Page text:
Marijuana legalization is very bad policy
The 2021 General Assembly reconvened session that occurred last week was almost exactly what I expected it to be – a confirmation of the 2021 session’s far left policies and ideas. While there were a number of issues covered during the reconvened session, there were only two of major significance, legalizing marijuana and dealing with the Virginia Parole Board misconduct situation.
Legalizing marijuana is something I have always been strongly against, but Democrats voted almost in lock step to legalize marijuana beginning July 1. This makes Virginia the 16th state to legalize the drug and the first in the south.
This legislation will legalize possession of marijuana for recreational use and allow households to grow a small number of plants in their homes starting July 1. These plants are to be kept out of sight from public view and away from individuals under the age of 21. It is clear that Governor Ralph Northam and the Democrat majority are ignoring the fact that violent and nonviolent crime rates have increased in states following marijuana legalization, and that home cultivation is nothing more than an invitation for children’s involvement, robberies and worse.
Regardless of where one stands on the policy, the implementation here is terrible. The Democrats voted to legalize possession before retail sales are in place – they will not begin until January 1, 2024. This will supercharge the illicit market — making it all the more difficult to bring consumers into the legal market when it arrives. House Democrats made the same arguments themselves — until their activist base threatened them and Governor Northam.
Democrats also used this legislation to begin an attack on our Right to Work laws, effectively making new cannabis stores closed shops. Challenged on the appropriateness of this part of the legislation, House Speaker Eileen Filler-Corn resorted to the “it is because I say it is” in her ruling from the chair.
This legislation was the product of last-minute changes and amendments and the final approved legislation is complex and ambiguous about what will and won’t be allowed. A major policy decision like this should not have been done quickly simply for the sake of getting it done. I believe this is going to be a very bad policy going forward for Virginia.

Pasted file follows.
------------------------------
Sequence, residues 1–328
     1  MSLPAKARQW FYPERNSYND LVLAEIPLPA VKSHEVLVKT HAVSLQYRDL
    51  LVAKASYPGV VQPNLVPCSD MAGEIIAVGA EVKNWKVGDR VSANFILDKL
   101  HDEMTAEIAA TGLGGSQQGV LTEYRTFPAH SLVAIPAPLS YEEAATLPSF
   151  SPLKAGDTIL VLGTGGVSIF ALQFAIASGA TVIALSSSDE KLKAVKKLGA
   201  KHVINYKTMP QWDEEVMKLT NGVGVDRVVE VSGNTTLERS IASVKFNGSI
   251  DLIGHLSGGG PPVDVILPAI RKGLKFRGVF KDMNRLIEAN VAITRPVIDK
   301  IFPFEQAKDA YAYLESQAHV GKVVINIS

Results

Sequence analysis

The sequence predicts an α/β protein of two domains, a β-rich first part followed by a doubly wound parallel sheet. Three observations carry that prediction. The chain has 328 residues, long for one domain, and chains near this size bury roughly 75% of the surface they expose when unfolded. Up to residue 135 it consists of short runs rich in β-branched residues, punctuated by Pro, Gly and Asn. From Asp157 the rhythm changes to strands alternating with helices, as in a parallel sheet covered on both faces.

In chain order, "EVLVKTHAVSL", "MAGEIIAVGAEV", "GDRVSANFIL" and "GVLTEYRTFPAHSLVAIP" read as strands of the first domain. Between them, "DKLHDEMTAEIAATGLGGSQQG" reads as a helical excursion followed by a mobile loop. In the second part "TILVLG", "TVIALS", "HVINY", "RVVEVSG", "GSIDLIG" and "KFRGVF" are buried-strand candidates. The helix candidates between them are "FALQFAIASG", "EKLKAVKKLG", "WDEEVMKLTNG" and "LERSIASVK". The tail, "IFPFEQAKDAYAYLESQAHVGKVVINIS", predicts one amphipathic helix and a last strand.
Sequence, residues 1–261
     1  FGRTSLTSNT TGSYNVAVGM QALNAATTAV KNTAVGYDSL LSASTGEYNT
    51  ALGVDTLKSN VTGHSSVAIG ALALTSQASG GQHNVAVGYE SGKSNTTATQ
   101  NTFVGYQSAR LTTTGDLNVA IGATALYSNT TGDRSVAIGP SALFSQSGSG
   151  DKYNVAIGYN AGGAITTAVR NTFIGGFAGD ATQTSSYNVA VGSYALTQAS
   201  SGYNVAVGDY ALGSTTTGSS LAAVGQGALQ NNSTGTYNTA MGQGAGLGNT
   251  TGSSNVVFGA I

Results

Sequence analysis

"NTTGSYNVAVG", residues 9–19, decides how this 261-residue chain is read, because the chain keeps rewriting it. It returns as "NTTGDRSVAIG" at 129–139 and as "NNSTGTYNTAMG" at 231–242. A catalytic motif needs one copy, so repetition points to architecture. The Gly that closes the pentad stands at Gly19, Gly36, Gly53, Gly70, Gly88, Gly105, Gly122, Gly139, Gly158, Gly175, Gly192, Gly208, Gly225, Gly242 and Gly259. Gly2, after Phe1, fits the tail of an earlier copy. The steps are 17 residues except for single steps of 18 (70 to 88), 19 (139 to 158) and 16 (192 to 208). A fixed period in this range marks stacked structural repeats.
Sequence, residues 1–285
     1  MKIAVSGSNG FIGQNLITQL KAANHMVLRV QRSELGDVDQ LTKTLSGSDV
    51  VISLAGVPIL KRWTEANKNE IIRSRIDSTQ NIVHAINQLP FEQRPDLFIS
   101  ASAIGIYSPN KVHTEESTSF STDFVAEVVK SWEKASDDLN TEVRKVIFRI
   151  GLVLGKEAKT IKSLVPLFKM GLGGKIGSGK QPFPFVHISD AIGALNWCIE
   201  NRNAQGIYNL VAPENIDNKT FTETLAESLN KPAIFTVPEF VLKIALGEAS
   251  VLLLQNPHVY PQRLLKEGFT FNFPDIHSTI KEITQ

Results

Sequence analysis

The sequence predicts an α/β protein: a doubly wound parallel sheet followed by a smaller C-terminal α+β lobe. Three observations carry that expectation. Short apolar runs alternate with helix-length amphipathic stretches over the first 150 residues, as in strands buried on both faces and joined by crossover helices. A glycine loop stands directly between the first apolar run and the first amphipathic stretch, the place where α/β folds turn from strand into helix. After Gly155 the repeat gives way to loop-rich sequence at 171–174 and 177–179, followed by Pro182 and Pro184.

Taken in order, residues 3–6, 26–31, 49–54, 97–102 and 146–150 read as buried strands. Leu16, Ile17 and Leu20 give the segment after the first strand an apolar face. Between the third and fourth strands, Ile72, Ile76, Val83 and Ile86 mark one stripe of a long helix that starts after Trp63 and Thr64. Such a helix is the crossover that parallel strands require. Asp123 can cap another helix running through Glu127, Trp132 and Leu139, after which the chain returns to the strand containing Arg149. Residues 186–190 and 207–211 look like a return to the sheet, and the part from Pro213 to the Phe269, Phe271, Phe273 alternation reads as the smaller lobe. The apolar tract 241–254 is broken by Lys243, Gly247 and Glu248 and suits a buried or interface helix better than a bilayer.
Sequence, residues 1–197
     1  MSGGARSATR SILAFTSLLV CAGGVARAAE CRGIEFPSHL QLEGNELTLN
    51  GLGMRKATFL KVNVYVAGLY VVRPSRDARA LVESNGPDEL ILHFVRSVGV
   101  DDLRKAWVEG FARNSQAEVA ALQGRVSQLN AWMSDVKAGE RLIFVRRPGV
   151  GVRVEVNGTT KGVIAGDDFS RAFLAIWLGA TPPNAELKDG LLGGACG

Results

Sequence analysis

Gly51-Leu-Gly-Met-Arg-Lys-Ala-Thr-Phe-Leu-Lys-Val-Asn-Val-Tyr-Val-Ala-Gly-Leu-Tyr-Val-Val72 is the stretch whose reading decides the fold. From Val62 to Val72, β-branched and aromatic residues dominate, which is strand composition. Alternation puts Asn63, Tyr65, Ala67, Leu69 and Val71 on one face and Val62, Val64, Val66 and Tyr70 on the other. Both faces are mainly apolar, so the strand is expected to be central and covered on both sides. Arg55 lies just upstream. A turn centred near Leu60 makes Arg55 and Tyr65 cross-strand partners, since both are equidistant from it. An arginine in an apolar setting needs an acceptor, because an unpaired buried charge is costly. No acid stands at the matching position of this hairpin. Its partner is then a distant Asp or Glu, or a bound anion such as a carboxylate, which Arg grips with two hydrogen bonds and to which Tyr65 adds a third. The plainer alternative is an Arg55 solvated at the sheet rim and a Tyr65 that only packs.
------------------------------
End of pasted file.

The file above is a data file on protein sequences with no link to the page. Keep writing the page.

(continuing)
You may have been following the story of misconduct at the Virginia Parole Board. After information was exposed by a whistleblower, an investigation by the Virginia Office of the State Inspector General found that both the previous and current chairs broke the law and took illegal shortcuts to get killers out of jail. Since then, the whistleblower has been fired.
Documents show that the board has released a significant number of truly heinous killers, including some sentenced to multiple life terms.
During the reconvened session, Democrats voted to fund Governor Northam’s parole board whitewash. The “investigators” will be chosen by Democrats, some of whom like the attorney general, have been implicated in the scandal. The “investigation” is not into the parole board. Rather it is an investigation into the investigation of the parole board.
The release of nearly 70 killers from supervision will not be examined. The decision to turn off the victim notification system will not be examined. The documented violations of policy in the release of some seven inmates will not be examined. An attempt by the former chair of the parole board to have staff members falsify documents will not be examined.
What we expect is a finding that “policies were not followed” with a “don’t do it again” slap on the wrist. It is abundantly clear that the governor and his team have chosen a scapegoat — the Office of Inspector General — and are clearing the decks to absolve themselves and their allies of any culpability in the scandal and its cover-up.
Democrats are desperate for this issue to go away and will do anything they must to put an end to it — including this whitewash of an investigation.
I appreciate those who contacted my office during session and hope you will continue to reach out when we can be of assistance. The best way to contact me is via email at DelTWright@house.virginia.gov or by calling 434.696.3061. You can also send mail to PO Box 1323, Victoria, Virginia 23974.